The Billings Ovulation Method is an individual technique of Natural Fertility Regulation in which days of infertility, possible fertility and maximum fertility are defined by the hormonally determined patterns of the cervical mucus and vaginal discharges as observed by the woman.Natural Fertility Regulation promotes the development of stable, happy, family life based on love and respect between the couple, love and respect for their fertility, and happiness in the intimate expression of the union of their lives in the physical sexual relationship.

Its purpose includes the acceptance of every human life, and a willingness to nurture and to educate the child into responsible citizenship within the community. It seeks to help those couples who have problems in the regulation of their fertility, either difficulty in begetting children of their own, or difficulty in limiting the size of their family. It develops responsibility in all adult individuals in regard to their duties to themselves, to the family and to society.Maturity in regard to sexuality causes adult people to exercise the freedom of understanding and directing sexuality in accordance with right reason, the sacredness of the human body and of human relationships and consideration for the welfare of others.


The Billings Ovulation Method was first discovered by Dr John Billings of Melbourne in 1953. He was joined in this work by his wife, Dr Evelyn Billings, and together they travelled the world teaching their method. It is now taught and successfully used by couples in over 100 countries around the world. The Billings Ovulation Method is used by women at all stages of their reproductive lives to achieve pregnancy, to prevent pregnancy and to safeguard their reproductive health.Before the Billings Ovulation Method was developed the only natural family planning method available was the Rhythm Method. This method was based on the assumption that ovulation occurs around 14 days before menstruation. The couple then abstained from sex for several days before and after (as sperm can live for up to 5 days in a woman's reproductive system, and the egg lives for up to 24 hours). However, this method had a high rate of failure because it couldn't pinpoint ovulation with accuracy. Every woman is different, and ovulation can occur from 11 to 16 days before menstruation. To further complicate things, the time of ovulation can vary from cycle to cycle. Also, there can be significant variations in the length of a woman's cycle, for example, because of stress, after pregnancy, or approaching menopause.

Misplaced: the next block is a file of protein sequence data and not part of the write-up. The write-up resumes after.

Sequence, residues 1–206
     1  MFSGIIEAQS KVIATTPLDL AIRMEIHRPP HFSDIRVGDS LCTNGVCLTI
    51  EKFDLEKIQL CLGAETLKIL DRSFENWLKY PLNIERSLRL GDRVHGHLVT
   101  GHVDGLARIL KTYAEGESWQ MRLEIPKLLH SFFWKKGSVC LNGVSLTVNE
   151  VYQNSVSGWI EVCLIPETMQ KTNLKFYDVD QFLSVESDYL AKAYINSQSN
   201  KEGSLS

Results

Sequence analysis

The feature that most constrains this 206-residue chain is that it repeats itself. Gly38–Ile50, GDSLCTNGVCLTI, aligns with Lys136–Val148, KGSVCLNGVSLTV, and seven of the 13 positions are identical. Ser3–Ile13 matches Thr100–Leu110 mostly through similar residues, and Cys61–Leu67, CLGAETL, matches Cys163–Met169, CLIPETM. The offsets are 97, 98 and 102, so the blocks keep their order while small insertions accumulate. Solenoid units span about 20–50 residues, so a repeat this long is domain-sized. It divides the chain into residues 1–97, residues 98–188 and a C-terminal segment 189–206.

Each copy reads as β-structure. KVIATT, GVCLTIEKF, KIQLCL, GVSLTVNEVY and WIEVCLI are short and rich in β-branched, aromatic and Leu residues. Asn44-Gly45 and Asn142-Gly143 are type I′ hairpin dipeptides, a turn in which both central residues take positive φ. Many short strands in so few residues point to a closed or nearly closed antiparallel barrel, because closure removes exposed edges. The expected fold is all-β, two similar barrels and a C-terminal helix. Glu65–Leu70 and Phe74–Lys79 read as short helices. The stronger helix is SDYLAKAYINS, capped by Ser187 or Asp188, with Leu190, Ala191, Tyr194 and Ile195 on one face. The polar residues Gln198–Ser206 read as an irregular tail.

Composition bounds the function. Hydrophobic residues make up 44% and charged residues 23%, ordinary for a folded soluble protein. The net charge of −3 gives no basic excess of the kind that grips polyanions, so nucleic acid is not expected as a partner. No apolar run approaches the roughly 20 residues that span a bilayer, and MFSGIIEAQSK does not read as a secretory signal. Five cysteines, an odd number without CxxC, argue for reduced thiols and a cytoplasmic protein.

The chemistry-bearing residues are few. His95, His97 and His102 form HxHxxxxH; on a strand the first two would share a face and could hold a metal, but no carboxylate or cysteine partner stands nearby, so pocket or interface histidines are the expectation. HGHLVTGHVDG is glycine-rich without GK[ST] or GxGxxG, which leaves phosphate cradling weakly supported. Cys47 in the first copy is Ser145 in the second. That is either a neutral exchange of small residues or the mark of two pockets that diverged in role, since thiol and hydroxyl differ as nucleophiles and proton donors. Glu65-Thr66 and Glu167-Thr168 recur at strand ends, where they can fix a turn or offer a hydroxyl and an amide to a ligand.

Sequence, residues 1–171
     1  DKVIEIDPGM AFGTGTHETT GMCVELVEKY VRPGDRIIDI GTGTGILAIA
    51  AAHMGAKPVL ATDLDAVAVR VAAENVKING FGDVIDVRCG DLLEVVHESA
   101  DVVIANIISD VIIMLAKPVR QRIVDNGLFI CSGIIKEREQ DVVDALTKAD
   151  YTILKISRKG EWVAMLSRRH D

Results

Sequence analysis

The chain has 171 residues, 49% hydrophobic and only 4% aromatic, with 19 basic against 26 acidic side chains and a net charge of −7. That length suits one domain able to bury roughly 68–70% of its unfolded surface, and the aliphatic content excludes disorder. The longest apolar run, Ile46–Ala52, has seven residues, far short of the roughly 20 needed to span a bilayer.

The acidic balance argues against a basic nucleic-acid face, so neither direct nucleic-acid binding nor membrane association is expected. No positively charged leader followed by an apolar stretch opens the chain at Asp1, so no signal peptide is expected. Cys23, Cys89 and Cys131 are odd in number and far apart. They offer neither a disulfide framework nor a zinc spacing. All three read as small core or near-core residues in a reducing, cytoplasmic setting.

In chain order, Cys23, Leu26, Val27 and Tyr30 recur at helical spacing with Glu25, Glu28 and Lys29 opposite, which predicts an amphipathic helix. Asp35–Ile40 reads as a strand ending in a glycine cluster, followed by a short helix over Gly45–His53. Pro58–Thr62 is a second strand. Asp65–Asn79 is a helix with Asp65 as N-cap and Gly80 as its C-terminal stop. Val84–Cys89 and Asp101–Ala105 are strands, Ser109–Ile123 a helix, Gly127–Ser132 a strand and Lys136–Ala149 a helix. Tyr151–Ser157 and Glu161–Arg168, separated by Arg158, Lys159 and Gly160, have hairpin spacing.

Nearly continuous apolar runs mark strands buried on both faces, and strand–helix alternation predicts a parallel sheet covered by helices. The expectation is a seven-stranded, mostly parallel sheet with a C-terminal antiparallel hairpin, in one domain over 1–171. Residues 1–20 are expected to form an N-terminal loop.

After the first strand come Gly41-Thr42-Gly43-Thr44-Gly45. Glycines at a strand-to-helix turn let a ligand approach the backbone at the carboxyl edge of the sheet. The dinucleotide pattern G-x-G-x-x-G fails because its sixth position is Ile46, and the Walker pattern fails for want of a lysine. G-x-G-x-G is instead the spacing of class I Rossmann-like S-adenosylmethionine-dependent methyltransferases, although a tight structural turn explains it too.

Clearly what was needed was a marker of fertility that women themselves could recognise. With this in mind, Dr John Billings made a search of the medical literature. He found several accounts of stringy lubricative mucus produced around the time of ovulation by the cells lining the cervix. Could the mucus be used as a signal of fertility? After questioning a number of women, it became clear that the occurrence of different types of discharge during the menstrual cycle was a familiar observation. It then became a matter of determining whether a typical pattern existed during the cycle, and whether women could identify their fertile phase.With the cooperation of hundreds of women, a standard mucus pattern quickly emerged. It became evident that the sensation produced by the mucus, as well as its appearance, could enable all women to recognise the onset of fertility.By the mid-1960s a prolonged clinical study of the women's charts had been completed, and a set of guidelines formulated for fertility control. At this stage, only the mucus pattern associated with ovulation, and the infertile phase following it, had been identified.

By 1966 Dr Evelyn Billings had recognised the infertile patterns of either dryness or discharge before ovulation. Couples no longer had to endure periods of prolonged abstinence because her research demonstrated that sex could not result in conception while the discharge or dryness that a woman correctly identified as her infertile pattern remained unchanged.In 1971 the World Health Organisation undertook a 5-nation trial and recommended that this method be called the Billings Ovulation Method to distinguish it from other methods of natural family planning. Temperature measurements and Rhythm calculations were discontinued as unnecessary and unreliable.

Over 50 years of scientific research and hormonal studies have confirmed that cervical mucus is the most reliable signal of fertility. Our teaching methods have been refined and updated to establish universally applicable guidelines for fertility control that ensure the Billings Ovulation Method™ is as successful for preventing pregnancy as any method of family planning available today.The Billings Ovulation Method is now finding increasing popularity because it can be adapted to help women having difficulty conceiving to optimise their chances of achieving pregnancy.Every modern method of natural family planning, including SymptoThermal and the Creighton Model Fertility Care system, relies on the research and findings of those who developed the Billings Ovulation Method.

Leave a comment